A World of Fear: How the Coronavirus has Caused A Lot of Anxiety

Schools closing around the world has brought inordinate amounts of  confusion and stress among people.


Schools closing around the world has brought inordinate amounts of confusion and stress among people.

Kylie de Best, Photojournalist

For the past few weeks, most of the world has been forced to stay in their homes, isolated from society as a pandemic lurks in our streets. It was only supposed to last about two weeks, but now has been extended to at least over a month. Fear has been brought in the lives of many in this time of uncertainty, as the case numbers keep rising.

As a result of this scenario, a lot of anxiety has been put on people. Hard working people have lost their jobs since the economy is dramatically falling. Friends are praying for each other as they have been infected, and public areas from Disneyland to schools have closed down.

On Friday, March 13, one unusual day to say in the least, tension filled the air as people were anticipating the inevitable. Hours later when the school closures were announced, people were frantically driving to pick up their kids. Unfortunately for some, their panic and consuming thoughts of the virus caused them to get in car accidents.

From that day forward, new information of the pandemic has been coming by the hour, often depicting negative outcomes the coronavirus has had on areas. This is most certainly not a normal situation for people in the world, as the last time something remotely happened like this was during the 1918 Spanish flu, and our technology since then has supposedly been more advanced in order to take on situations like this.

 For teens, the school closures have brought unneeded stress to students. They have been doing online school to make up for lost time in class, and though it has been effective, there have been some complaints about how much time they are having to complete assignments. Elaine Thio (9) agrees with this, saying, “The teachers have been giving us a reasonable amount of work, though sometimes I feel rushed in completing the assignments.” Addressing the issue regarding the state of confusion students must be in right now, both the governor of California and President Trump declared that students will not have state testing this year. This gives kids more freedom instead of hours at a time in one classroom.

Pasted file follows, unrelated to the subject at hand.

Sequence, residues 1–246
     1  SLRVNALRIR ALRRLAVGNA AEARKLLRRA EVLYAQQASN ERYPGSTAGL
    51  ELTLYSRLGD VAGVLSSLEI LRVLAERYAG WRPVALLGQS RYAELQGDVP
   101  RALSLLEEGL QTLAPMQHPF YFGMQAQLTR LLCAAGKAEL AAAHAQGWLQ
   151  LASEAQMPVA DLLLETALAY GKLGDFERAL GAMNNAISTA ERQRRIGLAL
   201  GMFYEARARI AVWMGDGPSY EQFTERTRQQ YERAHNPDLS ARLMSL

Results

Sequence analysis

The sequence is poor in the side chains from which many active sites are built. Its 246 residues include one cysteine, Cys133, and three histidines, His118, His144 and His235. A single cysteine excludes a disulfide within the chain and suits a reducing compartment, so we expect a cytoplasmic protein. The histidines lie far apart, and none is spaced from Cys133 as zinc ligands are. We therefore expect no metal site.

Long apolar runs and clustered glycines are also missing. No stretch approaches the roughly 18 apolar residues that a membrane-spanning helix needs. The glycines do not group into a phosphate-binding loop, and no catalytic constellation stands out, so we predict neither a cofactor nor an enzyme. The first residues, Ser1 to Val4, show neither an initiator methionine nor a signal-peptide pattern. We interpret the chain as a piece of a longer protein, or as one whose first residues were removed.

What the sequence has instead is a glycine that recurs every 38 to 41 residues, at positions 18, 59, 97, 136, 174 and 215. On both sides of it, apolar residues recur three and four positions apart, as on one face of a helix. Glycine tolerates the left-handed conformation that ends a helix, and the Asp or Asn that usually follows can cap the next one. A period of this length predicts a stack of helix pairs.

For people that may be emotionally attached to others such as friends or relatives, it may be an even harder time for them.  As of Sunday, March 29, Trump has extended our social distancing order until April 30. This forces us to stay in our homes for longer, staying away from normal social activities around the world. As well as this, it has the potential to make people less social, and to render people inept in the art of socializing.

There also is the issue revolving around when students go back.  Since there is constant news being delivered reporting the speed at which the virus is spreading, and that it could potentially be seasonal like our flu, it may cause many to overreact and be afraid of touching or being near anyone. This could cause them to be germaphobic, increasing their anxiety levels and making it difficult to regularly navigate the world again after being at home for such a long time. 

However the virus ends up in the next few months, it will for sure be awhile before people feel safe again. Constant worries of the unknown, people’s lives in danger, and last minute changes have put the world in a catastrophe. Because of this, our ideas regarding illnesses may never be the same for a while, if ever.